Japan’s governing Liberal Democratic Party (LDP) resumed on Wednesday in a lower-house committee of the country’s parliament, the Diet, discussions on a bill to legalise – in principle – casino gambling in the country, according to media reports.
On Tuesday, key LDP officials told media that the party would try to vote on this first-stage legislation by December 14, when the current parliamentary session ends.
Diet Affairs Committee chairman, Wataru Takeshita, told a Tuesday press conference that the bill could be voted on by the lower house on December 6. If passed, the bill would then go to the upper chamber.
“We can expect job creation as a direct result of the demand for construction in building the facilities, positive effects on the economy from an increase in both domestic and foreign tourists and a fiscal boost from [taxing] the casinos’ revenue,” Hiroyuki Hosoda, head of the cross-party group sponsoring the bill and an LDP lawmaker, told the relevant lower-house committee, according to a report from Japanese news agency Kyodo.
Local and international media had previously reported that Japan’s Diet (pictured) might debate casino legislation in the lower house during the current extraordinary session.
Japan last considered a version of the first-stage enabling legislation for casinos in 2015. The country’s lawmakers failed to proceed on the matter, amid other political distractions and some domestic opposition. After an enabling bill legalising casino resorts at the conceptual level, a second piece of legislation would need to be passed regarding the specifics, including how they are administered and regulated.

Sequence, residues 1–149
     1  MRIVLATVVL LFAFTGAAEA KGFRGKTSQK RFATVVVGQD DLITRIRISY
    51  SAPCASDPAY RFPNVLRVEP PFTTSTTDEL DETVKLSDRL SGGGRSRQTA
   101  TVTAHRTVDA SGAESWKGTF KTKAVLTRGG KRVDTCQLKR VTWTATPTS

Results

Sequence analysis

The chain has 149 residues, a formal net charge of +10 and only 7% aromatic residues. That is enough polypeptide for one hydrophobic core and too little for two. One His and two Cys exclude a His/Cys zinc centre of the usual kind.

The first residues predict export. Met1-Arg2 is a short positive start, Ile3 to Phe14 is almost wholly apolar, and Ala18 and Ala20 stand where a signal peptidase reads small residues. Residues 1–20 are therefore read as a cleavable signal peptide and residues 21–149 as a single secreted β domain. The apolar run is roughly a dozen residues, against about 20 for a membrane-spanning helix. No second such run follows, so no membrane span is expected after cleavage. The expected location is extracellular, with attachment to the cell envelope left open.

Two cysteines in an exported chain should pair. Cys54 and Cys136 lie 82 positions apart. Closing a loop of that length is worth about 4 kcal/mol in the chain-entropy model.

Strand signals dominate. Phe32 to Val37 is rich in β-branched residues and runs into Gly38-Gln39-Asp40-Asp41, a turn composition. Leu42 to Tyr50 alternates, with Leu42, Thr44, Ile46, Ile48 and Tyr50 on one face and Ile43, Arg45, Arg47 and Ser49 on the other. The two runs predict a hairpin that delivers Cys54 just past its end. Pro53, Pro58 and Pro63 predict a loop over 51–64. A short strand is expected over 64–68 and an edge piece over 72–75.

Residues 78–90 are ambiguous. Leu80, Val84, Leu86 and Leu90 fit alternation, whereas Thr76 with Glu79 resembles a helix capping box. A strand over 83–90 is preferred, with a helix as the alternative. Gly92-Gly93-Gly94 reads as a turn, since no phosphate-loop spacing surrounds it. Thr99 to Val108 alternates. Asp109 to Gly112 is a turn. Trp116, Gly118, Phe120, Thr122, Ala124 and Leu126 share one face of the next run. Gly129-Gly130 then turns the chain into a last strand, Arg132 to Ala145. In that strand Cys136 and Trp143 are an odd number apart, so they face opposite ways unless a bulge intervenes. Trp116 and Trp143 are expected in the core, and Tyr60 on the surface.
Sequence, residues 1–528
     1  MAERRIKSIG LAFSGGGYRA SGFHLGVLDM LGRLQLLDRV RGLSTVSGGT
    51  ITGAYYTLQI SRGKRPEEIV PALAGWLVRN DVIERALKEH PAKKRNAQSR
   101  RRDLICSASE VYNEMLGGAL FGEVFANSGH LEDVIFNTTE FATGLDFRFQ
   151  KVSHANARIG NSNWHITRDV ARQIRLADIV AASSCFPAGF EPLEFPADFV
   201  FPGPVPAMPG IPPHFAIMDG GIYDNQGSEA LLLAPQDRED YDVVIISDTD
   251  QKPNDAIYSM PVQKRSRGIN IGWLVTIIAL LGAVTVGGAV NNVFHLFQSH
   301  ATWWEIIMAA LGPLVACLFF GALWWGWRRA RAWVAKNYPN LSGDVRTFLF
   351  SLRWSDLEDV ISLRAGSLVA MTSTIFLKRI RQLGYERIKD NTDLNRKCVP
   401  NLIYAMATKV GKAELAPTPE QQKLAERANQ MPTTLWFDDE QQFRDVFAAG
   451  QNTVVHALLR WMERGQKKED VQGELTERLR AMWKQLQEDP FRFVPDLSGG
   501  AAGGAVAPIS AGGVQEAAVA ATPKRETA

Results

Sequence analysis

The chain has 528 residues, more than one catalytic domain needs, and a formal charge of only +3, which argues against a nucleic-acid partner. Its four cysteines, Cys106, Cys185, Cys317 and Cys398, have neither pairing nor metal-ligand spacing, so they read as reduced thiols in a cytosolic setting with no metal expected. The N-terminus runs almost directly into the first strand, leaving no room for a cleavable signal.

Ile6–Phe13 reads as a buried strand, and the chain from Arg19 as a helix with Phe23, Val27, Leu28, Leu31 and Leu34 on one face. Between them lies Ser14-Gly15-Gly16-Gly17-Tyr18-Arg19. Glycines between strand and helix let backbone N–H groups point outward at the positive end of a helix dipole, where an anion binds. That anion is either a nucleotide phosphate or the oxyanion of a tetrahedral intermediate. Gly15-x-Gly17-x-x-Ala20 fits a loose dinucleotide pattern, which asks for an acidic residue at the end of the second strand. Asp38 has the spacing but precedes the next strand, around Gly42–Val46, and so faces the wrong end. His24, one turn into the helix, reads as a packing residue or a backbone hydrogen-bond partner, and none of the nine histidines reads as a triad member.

A potential obstacle to the passage of the casino bill by December 14 is the reaction of legislators from the Buddhist-influenced party Komeito – an ally of Prime Minister Shinzo Abe’s government. Komeito is seen by a number of commentators on Japanese politics as one of the main stumbling blocks to the legalisation of casinos in Japan.
Wednesday’s resumption of deliberations on the bill saw “only minimal opposition” from Komeito lawmakers, the Japan Times newspaper reported, quoting a lawmaker with the party whose name the newspaper did not disclose.
But the Kyodo newswire service said that a Komeito party meeting on Wednesday revealed “continued opposition to the bill”.
Wednesday’s lower house committee meeting was boycotted by members of the parliamentary opposition that are against the legislation, according to several reports in the Japanese media.
Nonetheless, LDP Secretary-General Toshihiro Nikai said during Tuesday’s news conference, as quoted by the Japan Times: “We do not plan to scrap the bill for now. So it is only natural for us to try to enact the bill by the end of the session.”
Investment analysts from, respectively, Union Gaming Securities Asia Ltd, Morningstar Investment Management Asia Ltd and CLSA Ltd – joining a conference panel at last month’s Macao Gaming Show 2016 – agreed the potential legalisation of casino gambling in Japan would be a major development for the industry in Asia.
Japan has a “ready-made market” for the casino industry, CLSA’s Marcus Liu said, adding that other forms of gambling already legal in that country enjoy high revenue levels. “Every big hitter [operator] in the world would want a piece of that [casino market],” he noted.
One of the international casino investors that recently refreshed its interest in Japan’s casino potential was Malaysia’s Genting group. Its subsidiary Genting Singapore Plc announced last month it was selling its 50-percent stake in a casino project under construction on South Korea’s Jeju Island to – among other things – follow up potential investment opportunities in Japan if the country legalised casino gambling.
Other casino operators that have previously shown an interest to invest in Japan include: Bloomberry Resorts Corp; Caesars Entertainment Corp; Galaxy Entertainment Group Ltd; Las Vegas Sands Corp; Melco Crown Entertainment Ltd; MGM Resorts International; Universal Entertainment Corp; and Wynn Resorts Ltd.
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